Leopard Brown Trout

One of the reasons why brown trout are one of my favorite fish to chase besides the challenge is the diversity of the species. Red spots, black spots, no spots, heavily spotted, each fish is unique and no two browns are the same. Each fish has spotting, colouring, and even body shape that is exclusive to that specific fish. Depending on where you fish also affects how they look. Different strains and genetics are found across the country. In some areas, fish will have a lot of spots, and in other water bodies, fish will be almost void of spots altogether. Even the type of water can affect how browns look. Tannic water vs clear water.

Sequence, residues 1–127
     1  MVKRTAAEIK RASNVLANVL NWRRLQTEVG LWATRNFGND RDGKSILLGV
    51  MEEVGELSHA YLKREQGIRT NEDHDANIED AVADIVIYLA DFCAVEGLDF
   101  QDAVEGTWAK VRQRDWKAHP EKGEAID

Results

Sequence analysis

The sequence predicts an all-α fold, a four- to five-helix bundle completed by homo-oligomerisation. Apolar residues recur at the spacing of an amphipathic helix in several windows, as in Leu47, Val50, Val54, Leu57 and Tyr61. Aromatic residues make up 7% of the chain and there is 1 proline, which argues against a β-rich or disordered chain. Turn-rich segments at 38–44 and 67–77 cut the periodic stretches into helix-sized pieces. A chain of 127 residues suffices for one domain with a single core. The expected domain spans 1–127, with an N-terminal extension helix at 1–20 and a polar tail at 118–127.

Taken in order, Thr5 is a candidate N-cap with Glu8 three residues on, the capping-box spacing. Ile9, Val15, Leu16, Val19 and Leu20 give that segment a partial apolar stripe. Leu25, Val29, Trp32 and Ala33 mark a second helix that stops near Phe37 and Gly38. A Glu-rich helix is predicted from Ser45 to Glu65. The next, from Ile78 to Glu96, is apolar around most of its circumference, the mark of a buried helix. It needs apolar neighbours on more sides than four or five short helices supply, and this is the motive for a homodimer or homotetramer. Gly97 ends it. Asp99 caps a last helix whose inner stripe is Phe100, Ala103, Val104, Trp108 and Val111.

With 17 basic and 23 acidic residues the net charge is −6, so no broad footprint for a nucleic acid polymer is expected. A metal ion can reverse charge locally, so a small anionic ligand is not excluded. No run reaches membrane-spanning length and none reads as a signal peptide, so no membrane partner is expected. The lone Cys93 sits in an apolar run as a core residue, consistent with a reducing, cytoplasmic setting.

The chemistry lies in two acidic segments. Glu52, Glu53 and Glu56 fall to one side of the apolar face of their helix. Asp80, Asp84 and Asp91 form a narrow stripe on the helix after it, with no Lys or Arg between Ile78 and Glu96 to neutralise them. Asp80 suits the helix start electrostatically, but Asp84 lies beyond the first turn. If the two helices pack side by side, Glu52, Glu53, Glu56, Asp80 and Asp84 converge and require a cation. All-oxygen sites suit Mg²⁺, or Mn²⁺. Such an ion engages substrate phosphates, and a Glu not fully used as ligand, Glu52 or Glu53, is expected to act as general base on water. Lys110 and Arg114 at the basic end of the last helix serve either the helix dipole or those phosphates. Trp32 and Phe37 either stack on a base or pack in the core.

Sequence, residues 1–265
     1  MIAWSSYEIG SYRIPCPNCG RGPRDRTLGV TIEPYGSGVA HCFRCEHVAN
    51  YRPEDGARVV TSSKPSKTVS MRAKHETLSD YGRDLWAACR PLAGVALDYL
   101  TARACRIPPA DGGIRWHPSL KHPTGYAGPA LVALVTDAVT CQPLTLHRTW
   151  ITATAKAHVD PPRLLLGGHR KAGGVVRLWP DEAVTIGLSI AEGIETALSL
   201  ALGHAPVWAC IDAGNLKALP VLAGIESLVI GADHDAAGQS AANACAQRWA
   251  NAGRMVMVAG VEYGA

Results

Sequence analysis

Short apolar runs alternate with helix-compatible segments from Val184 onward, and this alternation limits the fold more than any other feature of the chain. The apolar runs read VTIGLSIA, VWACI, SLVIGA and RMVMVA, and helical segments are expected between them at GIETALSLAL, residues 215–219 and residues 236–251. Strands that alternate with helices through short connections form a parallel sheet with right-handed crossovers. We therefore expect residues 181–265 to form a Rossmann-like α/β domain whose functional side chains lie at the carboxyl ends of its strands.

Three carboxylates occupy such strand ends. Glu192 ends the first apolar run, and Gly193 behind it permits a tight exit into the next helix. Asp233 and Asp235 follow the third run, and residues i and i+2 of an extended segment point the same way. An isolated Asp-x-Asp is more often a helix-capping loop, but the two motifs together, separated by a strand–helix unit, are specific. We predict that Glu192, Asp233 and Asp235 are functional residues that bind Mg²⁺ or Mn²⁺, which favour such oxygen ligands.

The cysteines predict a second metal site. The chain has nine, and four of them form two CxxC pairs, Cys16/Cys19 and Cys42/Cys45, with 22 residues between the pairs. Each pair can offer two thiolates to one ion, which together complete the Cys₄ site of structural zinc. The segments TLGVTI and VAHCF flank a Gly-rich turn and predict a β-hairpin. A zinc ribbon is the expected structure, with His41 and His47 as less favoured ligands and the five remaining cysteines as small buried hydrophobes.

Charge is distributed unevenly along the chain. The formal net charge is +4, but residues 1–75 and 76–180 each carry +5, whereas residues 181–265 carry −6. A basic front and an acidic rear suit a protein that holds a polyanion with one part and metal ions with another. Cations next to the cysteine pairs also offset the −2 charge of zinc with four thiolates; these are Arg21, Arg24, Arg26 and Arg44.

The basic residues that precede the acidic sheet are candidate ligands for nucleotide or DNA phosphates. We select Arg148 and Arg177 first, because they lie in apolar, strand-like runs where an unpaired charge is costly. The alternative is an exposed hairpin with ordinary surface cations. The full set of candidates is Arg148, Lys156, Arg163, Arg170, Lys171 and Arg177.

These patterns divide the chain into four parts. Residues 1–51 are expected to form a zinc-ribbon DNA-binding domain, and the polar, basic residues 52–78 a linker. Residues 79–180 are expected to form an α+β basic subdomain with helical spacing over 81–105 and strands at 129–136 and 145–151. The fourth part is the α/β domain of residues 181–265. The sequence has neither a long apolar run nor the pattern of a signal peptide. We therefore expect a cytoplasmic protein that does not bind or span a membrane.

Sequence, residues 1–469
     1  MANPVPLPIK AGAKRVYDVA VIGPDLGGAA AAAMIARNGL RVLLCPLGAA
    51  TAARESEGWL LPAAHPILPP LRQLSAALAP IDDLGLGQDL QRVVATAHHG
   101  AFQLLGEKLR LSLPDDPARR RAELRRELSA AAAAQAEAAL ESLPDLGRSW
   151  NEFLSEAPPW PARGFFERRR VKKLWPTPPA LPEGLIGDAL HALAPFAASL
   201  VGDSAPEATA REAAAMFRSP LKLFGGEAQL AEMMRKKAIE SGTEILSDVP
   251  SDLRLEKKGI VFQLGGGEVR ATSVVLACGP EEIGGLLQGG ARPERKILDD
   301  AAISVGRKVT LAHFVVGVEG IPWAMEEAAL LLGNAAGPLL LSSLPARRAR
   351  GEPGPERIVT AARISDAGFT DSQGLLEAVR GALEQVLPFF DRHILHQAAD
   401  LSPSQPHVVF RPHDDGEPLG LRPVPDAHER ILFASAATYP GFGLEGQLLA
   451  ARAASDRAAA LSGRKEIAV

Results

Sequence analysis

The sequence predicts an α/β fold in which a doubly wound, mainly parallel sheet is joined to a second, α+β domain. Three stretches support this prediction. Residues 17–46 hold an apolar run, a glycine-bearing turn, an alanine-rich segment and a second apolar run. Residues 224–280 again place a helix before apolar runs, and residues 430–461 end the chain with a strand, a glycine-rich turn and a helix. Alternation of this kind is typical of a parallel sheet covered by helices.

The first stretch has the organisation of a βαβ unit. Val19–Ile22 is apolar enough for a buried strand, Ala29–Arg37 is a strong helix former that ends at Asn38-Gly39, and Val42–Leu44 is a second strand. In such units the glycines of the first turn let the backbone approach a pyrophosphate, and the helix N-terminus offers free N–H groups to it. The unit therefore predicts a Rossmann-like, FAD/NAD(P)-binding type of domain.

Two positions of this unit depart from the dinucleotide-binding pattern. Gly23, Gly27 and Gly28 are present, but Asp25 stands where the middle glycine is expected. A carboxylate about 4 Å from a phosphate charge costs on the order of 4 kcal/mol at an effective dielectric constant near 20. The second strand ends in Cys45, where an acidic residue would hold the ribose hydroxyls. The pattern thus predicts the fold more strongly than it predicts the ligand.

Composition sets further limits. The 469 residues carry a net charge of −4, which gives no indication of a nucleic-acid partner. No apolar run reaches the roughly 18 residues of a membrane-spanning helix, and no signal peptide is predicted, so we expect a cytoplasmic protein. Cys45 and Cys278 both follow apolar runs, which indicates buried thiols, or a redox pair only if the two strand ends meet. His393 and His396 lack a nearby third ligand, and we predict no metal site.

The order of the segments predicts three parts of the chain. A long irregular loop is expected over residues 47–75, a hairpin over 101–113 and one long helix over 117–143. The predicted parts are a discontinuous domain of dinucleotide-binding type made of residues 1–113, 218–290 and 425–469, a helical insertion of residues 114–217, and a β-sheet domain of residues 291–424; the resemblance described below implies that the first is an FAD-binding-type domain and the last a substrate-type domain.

This drawing depicts a heavily spotted brown, a prize in any fly fisherman’s photo album.

For any fly fisherman, a heavily spotted brown is the ultimate small stream reward. It's amazing that a fish with such a mosaic of spotting and exaggerated colour could disappear in their home waters, and yet, they do all the time. Mixed Media - watercolour pencils and digital editing Original artwork by Nick Laferriere

For any fly fisherman, a heavily spotted brown is the ultimate small stream reward. It’s amazing that a fish with such a mosaic of spotting and exaggerated colour could disappear in their home waters, and yet, they do all the time.
Mixed Media – watercolour pencils and digital editing
Original artwork by Nick Laferriere

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